advice

How to Fix those #bakingfails.

These croissants came out very dense, but will be cut, frozen and used for a decadent bread pudding!

Baking requires a lot of invested time and it can be really easy to get frustrated when it doesn’t work out. Instead of taking failure as a reason to give up, stop and consider what went wrong. It could be the temperature of your ingredients, your technique could need refining, it could be something as simple as your mood.
This baking-fail was a result of impatience on my part, and while I wish I was able to enjoy some homemade croissants this morning, I’ll have to settle for some from the boulangerie on the corner.

Remember that when you begin to bake, your failures can sometimes outnumber your successes. Don’t be discouraged, and above all, if they still taste good, do not throw out your failures!

Food waste is a huge problem. In 2016, The Atlantic reported that not only does the U.S. lead the world in the most food wasted, Americans waste about 50% of food that is produced. While a huge portion of this waste is the result of supermarkets throwing out undesirable products, consumers also have a responsibility to make sure they use the food they buy. Throwing out baked goods that still have a good flavor is completely unnecessary. Just because you didn’t get the result you wanted, it doesn’t mean that it needs to end up in the trash, unless you’ve made the grave mistake of confusing salt for sugar.

Here are a few tips on how to give your own baking failures a new life:

  1. Freeze your failures: If you don’t have time to use up your baking-fails right away, prepare them for use later by freezing them. Since you do not plan on using the baked goods as is, you don’t have to worry about the freezer drying them out. Frozen baked goods usually keep for 1-2 months. When you’re ready to use them, just defrost overnight for use the next day.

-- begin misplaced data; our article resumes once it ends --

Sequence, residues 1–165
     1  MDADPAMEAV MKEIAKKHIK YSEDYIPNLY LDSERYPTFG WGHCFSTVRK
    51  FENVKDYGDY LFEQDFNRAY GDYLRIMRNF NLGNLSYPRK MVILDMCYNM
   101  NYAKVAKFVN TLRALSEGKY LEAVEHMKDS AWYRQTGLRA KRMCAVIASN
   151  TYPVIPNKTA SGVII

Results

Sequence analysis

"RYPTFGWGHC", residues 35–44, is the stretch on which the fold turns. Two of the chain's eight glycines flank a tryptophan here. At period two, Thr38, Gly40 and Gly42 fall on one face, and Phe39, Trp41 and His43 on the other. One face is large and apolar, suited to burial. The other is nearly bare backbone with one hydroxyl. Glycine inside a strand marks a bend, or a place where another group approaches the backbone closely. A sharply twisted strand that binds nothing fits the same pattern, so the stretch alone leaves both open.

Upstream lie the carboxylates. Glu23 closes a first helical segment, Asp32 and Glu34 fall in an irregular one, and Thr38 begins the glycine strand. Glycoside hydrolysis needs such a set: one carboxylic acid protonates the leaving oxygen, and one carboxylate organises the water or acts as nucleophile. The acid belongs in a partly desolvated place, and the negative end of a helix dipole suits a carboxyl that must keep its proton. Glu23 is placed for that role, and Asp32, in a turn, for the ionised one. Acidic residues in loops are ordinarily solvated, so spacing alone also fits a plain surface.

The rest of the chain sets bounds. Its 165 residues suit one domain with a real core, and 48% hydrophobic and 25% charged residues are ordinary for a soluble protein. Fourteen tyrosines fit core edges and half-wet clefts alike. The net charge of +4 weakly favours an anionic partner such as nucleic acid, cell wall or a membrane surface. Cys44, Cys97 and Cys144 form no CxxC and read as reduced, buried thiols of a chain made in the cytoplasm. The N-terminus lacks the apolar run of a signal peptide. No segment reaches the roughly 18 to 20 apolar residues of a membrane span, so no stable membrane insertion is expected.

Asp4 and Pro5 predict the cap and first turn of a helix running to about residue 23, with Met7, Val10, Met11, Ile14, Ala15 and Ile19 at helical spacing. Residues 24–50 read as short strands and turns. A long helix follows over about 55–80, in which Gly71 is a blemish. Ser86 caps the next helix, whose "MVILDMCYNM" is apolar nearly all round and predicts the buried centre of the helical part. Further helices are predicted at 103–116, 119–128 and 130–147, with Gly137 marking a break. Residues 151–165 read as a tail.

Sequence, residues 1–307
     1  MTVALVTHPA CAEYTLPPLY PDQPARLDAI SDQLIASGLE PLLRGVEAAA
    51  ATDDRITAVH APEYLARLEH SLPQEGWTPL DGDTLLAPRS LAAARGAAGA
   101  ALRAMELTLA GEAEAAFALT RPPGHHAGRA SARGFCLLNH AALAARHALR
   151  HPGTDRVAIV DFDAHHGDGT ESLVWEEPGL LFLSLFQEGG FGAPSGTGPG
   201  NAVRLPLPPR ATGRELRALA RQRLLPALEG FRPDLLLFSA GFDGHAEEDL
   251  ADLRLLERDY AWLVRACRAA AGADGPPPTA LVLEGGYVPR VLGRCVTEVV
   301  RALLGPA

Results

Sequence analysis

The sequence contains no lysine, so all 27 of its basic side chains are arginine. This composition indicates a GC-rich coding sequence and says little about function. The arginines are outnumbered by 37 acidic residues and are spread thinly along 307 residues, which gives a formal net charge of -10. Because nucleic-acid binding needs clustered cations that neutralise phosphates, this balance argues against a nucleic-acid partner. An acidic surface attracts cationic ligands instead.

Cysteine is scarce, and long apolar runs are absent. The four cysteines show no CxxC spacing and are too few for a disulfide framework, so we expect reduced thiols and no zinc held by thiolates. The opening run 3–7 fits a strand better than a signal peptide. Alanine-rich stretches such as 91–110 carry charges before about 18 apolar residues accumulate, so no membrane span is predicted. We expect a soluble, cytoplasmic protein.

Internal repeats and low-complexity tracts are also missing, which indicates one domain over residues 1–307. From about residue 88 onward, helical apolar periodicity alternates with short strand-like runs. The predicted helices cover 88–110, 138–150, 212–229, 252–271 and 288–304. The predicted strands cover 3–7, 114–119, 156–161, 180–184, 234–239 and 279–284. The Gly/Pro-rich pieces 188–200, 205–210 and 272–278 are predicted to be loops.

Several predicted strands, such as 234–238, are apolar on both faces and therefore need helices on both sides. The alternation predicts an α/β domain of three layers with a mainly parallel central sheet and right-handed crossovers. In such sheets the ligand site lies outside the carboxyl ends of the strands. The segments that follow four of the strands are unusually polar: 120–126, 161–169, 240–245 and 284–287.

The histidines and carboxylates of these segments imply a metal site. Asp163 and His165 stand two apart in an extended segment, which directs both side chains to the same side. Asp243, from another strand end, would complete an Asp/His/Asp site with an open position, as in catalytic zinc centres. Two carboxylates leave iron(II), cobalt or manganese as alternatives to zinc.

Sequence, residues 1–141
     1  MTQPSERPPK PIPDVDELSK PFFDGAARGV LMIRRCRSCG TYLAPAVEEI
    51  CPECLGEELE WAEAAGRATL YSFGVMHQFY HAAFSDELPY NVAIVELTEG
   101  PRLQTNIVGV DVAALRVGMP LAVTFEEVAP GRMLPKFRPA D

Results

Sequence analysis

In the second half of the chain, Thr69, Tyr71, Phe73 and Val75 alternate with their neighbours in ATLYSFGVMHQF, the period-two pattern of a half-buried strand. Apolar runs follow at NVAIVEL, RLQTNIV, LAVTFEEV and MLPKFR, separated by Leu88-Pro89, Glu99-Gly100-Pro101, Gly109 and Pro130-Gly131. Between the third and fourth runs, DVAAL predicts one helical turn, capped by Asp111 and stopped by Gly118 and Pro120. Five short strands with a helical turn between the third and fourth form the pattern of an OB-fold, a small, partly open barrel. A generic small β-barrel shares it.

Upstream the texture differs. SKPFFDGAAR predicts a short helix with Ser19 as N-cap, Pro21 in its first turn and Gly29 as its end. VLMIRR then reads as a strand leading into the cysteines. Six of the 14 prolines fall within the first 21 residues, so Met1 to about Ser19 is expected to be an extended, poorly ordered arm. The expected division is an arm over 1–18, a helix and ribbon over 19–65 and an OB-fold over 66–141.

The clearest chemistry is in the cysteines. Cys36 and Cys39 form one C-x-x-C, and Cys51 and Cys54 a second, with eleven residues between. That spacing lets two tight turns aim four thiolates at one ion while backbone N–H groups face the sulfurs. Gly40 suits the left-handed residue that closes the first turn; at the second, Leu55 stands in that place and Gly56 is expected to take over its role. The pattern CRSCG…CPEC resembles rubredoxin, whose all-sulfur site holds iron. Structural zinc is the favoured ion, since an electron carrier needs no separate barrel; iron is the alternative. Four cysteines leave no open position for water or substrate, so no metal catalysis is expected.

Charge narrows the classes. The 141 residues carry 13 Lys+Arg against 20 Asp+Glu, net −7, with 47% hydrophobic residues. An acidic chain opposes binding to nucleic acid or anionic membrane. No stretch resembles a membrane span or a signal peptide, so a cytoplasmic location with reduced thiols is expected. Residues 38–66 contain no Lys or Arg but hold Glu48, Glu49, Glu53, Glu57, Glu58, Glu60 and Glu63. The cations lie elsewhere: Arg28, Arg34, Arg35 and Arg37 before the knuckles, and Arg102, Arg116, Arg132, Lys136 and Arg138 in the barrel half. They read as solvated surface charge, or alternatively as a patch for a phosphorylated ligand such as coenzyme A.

2. Cookie dough: If you are making a cookie dough for the first time, test a small portion to see how it turns out. Cookie dough that spreads out too much can be spread out in a pan and made into cookie bars, just bake at 350 degrees F until set. Alternatively, already baked cookies can be crumbled and mixed with melted butter to make a cookie crust for pies and cheesecakes.
  3. Cake/Quick-Breads: If a cake or quick-bread comes out too dense, or crumbly, fear not! Crumble the failure and toast it in the oven for about 5 min at 350 degrees F to use on top of ice cream, or as a way to decorate the sides of a cake (you can also do this with cake trimmings). Toasted cake crumbles can last for about a month if they are stored in an air-tight container. You can also take un-toasted crumbles and use them to make a bread pudding, or cake pops.
  4. Yeasted Breads: If your bread is savory, you can cut it into cubes and use it for a savory bread pudding. This is a perfect breakfast dish for large groups! If the bread is on the sweeter end of the spectrum, it is a perfect candidate for a dessert bread pudding.